The latter one may be "stronger" by force but milling 2,5D might suffer a lot by too lame acceleration.
    Using say 20 mm dia screws makes sense if your screw is longer than aprox 1,3m . The 16mm one might start to "whiplash" (cause it bends towards earth in its center -if unsupported), especially if turnig it close to its max turning speed.
    (I have a formula for that somewhere ... but don`t make me translate that :confused:)
    So going 16mm 10 turn makes sense if building a "long" axis while keeping 16 mm dia for high accelleratin....

    just food for thought

    greets

    flo
     
    sgspenceley likes this.
  27. Florian Bauereisen

    Florian Bauereisen Well-Known
    Builder

    Joined:
    Feb 24, 2014
    Messages:
    188
    Likes Received:
    60
    Okay
    here is a tip for you that might even be of use -LOL
    forgot that i my previous posts...
    You could get some more z with only a minor change.
    Basically what you do is to swap the carriage and rail around and aditionally move your x plate upwards so that you just clear your x- beam.
    That way the rail aditionally supports your z plate and router while it does not matter for the carriages as where to be mounted.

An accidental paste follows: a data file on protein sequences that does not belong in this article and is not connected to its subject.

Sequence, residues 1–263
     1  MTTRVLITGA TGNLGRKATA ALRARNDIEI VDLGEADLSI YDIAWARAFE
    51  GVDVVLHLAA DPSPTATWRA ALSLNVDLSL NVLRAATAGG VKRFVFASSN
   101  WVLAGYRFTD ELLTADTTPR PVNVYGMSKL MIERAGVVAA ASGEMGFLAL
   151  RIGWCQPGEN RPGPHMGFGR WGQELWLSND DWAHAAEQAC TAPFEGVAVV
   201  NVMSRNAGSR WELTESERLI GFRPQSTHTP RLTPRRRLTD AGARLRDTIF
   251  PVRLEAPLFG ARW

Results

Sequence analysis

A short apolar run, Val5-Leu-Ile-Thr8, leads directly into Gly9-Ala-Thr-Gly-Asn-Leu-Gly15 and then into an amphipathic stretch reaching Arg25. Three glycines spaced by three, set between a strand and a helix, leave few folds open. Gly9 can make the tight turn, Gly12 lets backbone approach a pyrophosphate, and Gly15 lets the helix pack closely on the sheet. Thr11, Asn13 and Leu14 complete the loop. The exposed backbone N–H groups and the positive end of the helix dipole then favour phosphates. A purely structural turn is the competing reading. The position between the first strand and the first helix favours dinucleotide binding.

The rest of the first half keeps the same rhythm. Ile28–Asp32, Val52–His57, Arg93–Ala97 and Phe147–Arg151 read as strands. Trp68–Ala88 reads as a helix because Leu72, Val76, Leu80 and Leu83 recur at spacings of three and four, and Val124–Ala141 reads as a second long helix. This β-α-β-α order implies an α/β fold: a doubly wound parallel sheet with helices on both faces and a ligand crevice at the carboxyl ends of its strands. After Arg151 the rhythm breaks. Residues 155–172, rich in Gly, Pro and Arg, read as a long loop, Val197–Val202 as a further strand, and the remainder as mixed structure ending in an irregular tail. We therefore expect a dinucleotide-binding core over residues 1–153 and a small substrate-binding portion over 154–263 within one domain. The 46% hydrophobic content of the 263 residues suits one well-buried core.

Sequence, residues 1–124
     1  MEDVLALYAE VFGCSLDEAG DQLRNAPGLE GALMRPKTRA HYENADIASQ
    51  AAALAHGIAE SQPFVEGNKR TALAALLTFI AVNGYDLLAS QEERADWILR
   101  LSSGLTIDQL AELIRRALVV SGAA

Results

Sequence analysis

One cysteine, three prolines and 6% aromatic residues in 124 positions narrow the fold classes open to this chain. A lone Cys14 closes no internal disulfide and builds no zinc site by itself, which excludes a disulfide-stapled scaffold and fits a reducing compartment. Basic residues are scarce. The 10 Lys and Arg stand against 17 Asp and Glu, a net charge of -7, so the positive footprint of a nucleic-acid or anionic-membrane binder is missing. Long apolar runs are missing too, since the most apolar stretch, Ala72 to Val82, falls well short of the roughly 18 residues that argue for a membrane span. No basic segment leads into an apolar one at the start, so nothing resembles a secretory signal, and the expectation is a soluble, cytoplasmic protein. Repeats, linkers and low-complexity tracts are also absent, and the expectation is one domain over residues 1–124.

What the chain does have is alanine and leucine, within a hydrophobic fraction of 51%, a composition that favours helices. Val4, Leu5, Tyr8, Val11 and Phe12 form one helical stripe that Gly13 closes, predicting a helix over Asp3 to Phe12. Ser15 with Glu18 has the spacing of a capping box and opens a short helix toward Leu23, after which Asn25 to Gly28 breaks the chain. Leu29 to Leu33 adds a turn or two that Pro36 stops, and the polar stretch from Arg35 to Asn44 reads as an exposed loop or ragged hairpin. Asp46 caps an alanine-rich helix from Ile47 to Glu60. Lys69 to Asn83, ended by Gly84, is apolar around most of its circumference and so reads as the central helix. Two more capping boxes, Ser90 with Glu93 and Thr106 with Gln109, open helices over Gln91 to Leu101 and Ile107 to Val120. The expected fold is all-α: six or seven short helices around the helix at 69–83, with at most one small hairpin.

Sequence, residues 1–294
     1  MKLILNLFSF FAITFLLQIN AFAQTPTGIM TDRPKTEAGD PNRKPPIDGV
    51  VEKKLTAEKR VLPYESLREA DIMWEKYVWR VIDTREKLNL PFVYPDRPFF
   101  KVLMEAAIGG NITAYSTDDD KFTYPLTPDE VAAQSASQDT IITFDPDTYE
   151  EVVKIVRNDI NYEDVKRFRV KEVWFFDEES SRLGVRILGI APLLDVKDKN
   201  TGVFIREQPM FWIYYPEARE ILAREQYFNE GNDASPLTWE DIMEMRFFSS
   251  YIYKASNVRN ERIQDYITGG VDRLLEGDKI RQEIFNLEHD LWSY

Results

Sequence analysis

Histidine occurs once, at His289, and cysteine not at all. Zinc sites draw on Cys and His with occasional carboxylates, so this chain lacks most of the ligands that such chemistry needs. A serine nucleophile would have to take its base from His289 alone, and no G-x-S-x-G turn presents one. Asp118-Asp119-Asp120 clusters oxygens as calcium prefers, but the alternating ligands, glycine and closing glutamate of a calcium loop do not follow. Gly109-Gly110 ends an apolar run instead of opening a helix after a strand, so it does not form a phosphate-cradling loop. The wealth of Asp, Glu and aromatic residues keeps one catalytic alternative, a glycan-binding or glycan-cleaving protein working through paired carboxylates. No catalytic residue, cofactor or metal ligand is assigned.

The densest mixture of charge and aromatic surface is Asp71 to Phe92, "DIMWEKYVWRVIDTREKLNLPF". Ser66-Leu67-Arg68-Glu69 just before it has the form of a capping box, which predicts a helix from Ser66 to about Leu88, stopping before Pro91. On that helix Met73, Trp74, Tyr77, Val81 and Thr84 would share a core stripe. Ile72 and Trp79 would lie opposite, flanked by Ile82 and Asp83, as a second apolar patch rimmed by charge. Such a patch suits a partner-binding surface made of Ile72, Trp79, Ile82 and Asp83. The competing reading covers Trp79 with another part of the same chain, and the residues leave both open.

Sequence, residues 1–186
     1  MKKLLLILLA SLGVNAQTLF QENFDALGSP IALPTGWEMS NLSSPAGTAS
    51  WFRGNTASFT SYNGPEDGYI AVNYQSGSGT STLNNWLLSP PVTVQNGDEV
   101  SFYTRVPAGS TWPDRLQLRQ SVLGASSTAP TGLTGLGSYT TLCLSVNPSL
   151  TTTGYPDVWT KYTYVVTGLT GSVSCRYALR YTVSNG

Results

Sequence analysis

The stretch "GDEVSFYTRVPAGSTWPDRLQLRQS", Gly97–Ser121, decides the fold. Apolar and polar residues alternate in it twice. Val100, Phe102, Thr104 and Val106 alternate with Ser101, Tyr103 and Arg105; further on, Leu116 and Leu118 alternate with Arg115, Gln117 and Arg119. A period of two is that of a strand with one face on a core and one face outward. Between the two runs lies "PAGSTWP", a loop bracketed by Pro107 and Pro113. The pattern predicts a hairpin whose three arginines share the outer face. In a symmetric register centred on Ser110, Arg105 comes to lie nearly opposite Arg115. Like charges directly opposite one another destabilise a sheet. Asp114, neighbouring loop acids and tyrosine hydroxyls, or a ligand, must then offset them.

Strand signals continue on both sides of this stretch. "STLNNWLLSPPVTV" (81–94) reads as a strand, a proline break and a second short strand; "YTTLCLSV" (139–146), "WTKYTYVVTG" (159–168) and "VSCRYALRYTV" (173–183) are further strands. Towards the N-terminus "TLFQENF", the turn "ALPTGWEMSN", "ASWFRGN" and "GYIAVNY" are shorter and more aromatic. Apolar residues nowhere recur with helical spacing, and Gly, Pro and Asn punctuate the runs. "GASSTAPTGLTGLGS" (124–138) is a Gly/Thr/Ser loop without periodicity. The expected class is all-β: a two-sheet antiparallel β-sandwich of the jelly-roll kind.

for max. accurateness of course you need to raise your part high so that the spindle opposes the carriages ( no momentum) but that happens anyway if using a vice.
    clear?

    greets
    flo
     
    GrayUK and sgspenceley like this.
  28. sgspenceley

    sgspenceley Journeyman
    Builder

    Joined:
    May 27, 2014
    Messages:
    250
    Likes Received:
    275
    SW3DP (Jack), you edited your thread you posted earlier today. I had to think more in terms how to answer your questions. Sorry for not replying straight away!

    Building & designing a CNC machine does require a tremendous amount of reading and research. The hardest part is there are so many opinions and ways to design the machine. The positive aspect you get to meet lots of knowledgeable people by posting your ideas.

    Flo for example was the person who suggested going to the better quality square rails. This made me search my local online selling service and found a great deal on excellent linear bearings. I was happy with the Chinese bearings, but these are so much better! The additional cost has slowed down the build process, but the final machine will be better.

    Another information gem today was using a belt drive system to tie both Y axis lead screws together... I don't know if I want to go this route yet, but has started my brain thinking about this approach. Until today every single motor solution I found was seriously flawed in y opinion because they hand just a single motor mounted in the center with a single leadscrew . I much prefer the dual lead screw design... But Flo is also correct that missed motor steps could cause problems...